At 19:19 +0000 2002-07-04, Timothy Partridge wrote:
>Michael Everson said in reply to me
>> >- No scripts with a limited body of text in existance. (No need to exchange
>> >or analyse on computer.) E.g. Phaistos disk script
>> If the Phaistos disk were bilingual and deciphered, it could be added
>> even if there were only one document. Why not?
>I have the impression that there is a philosophy that the standard is for
>storing text on a computer for the purposes of processing and interchange
>and should avoid being cluttered with things that aren't needed. This seems
>to have precedence over covering all the important scripts.
Oh? What "important" scripts aren't on the Roadmap? The "important"
(national) scripts have all been encoded; Tibetan, Sinhala, Ethiopic,
Thaana, Myanmar, and Khmer were among the last "national" scripts
which were encoded. Of course we add Arabic characters for Urdu and
Georgian and so on as they appear.
>In the case of the Phaistos disk the length of text is so short that there
>seems little benefit in storing the plain characters even if it had text in
>another language too. Surely an image of the original or an accurate drawing
>is better at communicating the content and gives more of a feel for the disk
>than just the characters?
I suppose. But if Phaistos were deciphered I would be pleased to encode it.
>Personally I would be happy to see this particular script in the standard.
>Indeed scripts that appear on the cover of the Unicode book or CD have a
>rather poor record of appearing inside.
Oh no! We're found out!
>(The Greek from the Rosetta stone is there and I presume the KangXi
>dictionary page too as of 3.1, although I don't read CJK.)
I imagine the KangXi characters have been encoded by now. Egyptian is
on the list but is a big job. You may know I've done a fair bit
towards encoding Egyptian.
> > >- No symbols that are just a picture of something with no other meaning
> > >e.g. a dog. (These tend not to have a fixed conventional form.)
>> For instance, Blissymbols has a dog symbol in it. Granted,
>> Blissymbols is a separate script so maybe that isn't so convincing.
>> But what if a series of hotel symbols were added, with things like NO
>> SMOKING, NO DOGS, GUIDE DOGS appeared? Those do have some sort of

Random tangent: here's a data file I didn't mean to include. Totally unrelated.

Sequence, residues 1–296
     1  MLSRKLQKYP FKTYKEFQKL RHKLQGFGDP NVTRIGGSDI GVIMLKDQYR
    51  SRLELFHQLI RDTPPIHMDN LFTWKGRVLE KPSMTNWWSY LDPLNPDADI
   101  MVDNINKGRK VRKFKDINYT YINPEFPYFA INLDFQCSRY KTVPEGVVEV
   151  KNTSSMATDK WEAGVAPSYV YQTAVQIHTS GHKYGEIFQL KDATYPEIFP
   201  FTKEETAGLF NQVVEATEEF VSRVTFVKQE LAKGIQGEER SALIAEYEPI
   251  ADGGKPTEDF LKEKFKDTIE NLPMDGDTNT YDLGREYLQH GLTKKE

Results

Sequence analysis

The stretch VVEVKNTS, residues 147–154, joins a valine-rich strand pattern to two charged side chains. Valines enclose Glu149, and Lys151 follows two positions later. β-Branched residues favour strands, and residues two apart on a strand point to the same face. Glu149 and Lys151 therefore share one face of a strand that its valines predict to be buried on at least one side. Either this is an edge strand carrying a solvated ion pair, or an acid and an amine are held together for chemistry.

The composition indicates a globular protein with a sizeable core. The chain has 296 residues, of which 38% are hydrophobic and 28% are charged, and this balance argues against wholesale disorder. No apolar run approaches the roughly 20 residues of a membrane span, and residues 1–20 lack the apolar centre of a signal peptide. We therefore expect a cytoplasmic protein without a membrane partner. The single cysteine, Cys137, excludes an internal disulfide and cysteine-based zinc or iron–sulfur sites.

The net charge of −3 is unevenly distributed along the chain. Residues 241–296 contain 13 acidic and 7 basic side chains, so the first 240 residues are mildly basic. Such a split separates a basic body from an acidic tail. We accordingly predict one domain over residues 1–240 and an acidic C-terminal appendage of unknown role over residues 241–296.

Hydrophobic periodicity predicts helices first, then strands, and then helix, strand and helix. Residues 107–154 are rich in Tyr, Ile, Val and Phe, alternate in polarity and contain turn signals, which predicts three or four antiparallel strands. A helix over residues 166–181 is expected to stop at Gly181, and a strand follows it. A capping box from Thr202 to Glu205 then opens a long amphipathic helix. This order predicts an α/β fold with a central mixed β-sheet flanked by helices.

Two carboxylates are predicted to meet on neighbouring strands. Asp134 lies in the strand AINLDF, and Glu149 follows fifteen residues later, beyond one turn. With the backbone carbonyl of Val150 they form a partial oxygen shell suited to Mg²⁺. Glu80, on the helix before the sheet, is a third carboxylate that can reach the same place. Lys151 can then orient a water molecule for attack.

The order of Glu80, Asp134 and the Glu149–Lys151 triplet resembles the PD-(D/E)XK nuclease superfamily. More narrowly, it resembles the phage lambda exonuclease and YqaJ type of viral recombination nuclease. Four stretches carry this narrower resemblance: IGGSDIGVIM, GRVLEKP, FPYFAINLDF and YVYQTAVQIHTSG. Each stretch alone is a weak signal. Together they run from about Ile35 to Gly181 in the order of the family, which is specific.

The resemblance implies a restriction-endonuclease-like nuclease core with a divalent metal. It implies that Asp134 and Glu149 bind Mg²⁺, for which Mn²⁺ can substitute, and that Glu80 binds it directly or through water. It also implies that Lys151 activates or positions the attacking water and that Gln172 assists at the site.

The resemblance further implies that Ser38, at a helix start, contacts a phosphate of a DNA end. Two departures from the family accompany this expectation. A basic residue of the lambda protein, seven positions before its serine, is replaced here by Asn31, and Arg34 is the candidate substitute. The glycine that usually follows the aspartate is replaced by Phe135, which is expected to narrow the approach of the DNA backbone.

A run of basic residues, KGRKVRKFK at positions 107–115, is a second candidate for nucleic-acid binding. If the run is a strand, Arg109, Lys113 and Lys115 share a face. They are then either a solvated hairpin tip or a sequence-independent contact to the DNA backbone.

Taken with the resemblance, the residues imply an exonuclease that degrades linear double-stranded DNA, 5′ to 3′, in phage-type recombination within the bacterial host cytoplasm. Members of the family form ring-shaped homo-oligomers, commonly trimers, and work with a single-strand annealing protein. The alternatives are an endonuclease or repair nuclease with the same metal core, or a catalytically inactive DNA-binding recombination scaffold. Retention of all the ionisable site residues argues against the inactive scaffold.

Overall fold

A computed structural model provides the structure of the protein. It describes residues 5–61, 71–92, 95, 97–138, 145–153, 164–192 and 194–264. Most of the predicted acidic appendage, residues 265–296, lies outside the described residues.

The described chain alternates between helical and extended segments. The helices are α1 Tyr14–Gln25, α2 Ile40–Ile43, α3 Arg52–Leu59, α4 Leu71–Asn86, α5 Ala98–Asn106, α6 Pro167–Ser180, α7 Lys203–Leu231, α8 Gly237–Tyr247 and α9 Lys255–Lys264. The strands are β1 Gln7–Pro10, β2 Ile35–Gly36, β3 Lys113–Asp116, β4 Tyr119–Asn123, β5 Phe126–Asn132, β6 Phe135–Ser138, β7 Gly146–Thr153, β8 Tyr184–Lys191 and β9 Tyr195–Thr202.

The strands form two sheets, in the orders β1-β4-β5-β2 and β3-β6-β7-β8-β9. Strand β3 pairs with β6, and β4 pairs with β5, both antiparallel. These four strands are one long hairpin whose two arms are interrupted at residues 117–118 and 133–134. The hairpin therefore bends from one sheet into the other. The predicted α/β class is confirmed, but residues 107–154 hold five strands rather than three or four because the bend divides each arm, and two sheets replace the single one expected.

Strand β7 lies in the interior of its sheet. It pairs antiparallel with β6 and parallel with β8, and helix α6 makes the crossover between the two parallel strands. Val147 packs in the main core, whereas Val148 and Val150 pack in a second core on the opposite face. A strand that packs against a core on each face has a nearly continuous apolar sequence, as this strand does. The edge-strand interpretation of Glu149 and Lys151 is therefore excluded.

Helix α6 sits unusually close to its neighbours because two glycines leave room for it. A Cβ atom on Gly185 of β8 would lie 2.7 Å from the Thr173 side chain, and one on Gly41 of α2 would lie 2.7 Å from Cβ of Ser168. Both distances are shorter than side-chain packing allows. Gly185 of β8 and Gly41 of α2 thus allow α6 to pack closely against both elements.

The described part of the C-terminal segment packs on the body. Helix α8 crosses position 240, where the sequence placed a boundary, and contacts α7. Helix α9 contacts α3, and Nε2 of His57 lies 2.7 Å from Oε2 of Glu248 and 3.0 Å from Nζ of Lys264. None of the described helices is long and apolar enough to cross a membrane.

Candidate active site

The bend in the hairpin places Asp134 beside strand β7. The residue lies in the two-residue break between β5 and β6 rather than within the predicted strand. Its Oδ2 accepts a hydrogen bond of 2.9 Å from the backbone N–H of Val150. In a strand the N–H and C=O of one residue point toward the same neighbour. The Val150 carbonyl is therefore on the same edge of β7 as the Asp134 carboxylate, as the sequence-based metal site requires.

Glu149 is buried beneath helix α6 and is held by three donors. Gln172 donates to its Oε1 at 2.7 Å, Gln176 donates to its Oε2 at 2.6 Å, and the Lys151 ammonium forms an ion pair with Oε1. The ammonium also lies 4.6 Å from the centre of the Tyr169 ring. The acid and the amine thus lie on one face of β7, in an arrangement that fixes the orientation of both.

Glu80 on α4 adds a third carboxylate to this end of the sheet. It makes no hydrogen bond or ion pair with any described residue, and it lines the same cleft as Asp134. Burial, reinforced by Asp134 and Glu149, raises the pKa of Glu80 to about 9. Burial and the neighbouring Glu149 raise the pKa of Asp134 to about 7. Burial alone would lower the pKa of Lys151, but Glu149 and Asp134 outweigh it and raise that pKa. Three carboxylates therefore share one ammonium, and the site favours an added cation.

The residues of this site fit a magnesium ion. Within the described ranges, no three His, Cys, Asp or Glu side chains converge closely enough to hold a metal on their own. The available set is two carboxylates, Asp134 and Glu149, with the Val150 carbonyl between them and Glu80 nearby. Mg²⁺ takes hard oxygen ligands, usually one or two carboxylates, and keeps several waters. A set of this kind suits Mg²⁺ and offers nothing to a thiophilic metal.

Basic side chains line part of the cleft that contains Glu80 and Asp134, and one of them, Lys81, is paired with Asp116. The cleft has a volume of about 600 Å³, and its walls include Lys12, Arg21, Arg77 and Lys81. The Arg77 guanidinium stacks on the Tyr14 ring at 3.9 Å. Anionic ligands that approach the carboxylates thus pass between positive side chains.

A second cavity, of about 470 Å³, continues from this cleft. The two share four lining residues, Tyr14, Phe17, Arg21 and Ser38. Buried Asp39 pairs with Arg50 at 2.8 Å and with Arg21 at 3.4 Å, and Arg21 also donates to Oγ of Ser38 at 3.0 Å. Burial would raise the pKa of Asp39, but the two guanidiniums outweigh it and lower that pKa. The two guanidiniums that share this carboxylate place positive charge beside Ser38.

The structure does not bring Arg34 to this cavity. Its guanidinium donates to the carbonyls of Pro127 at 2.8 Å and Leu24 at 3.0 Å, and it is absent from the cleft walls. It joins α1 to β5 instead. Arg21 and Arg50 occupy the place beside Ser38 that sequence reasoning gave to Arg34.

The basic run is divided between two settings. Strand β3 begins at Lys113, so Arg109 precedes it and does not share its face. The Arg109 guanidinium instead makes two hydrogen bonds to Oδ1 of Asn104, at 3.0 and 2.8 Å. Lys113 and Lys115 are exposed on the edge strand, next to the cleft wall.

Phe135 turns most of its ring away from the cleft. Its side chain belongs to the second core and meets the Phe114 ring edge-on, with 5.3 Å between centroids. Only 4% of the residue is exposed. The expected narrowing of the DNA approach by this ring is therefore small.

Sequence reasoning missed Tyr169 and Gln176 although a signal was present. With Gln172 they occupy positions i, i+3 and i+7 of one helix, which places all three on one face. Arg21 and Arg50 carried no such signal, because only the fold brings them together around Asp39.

>> real semantic even though the glyphs may vary.
>Agreed although as you say there is a semantic involved. Interestingly in
>the NO... cases the semantic is provided by the circle with the diagonal
>line U+20E0. So there might be a desire to put a cigarette symbol into the
>standard (which is just a picture) so it could be granted a semantic by
>being combined with U+20E0. (In practise I doubt these symbols are used in
>running text so there is little call for them. Come to think of it, the
>colours involved are often standardised so a graphic would be better,
>discounting another thread.)
They appear in a great many travel guides as meaningful characters.
Research on things like this continues.
> > >- No archaic styles of existing characters. E.g. dotless j.
>> There are some archaic characters already encoded, and N'Ko is going
>> to have two of them. Probably.
>I was thinking of same character different style of writing it. In other
>words easily done with a font change. (The mathematical styles are a special
>case because each style is effectively a different set of characters with
>there own meaning.) A character that used to be used but is no longer is
Like LONG S? :-)
> > >- No control codes for fancy text. E.g. begin bold
>> We have BEGIN SLUR in Western Music already. Might have use for BEGIN
>> and END CARTOUCHE in Egyptian -- or might not. Research continues.
>I gave the example of bold because it doesn't change the essential meaning
>of the text in a significant manner. In your examples there is meaning
>involved; the cartouche is a determiner for a royal name for instance.
Ah. I didn't track your use of the word "fancy". Still it's
interesting to note that Budge printed red hieroglyphic text with a
bold black line above the entire text which was red in the original.
Possibly a cause to encode "BEGIN RUBRIC". (It's never neat and tidy,
> > >- No characters that can be obtained by using a different font with
> > > existing characters and have no semantic difference from the existing
> > > characters.
>> Such as?
>Inclined Cyrillic Be. I have that in a font on my computer but I don't
>expect Unicode to have a separate character for it.
What is "inclined Cyrllic Be"?
>Or (to my mind unfortunately) Greek letters in a Coptic style.
Copticists agree that this unification was false, and the paper N2444
Coptic supplementation in the BMP at
http://www.dkuug.dk/jtc1/sc2/wg2/docs/n2444.pdf has won the day and
it is agreed that the two scripts be disunified and the Coptic
letters answering to the Greek be added to the standard in future.
-- Michael Everson *** Everson Typography *** http://www.evertype.com
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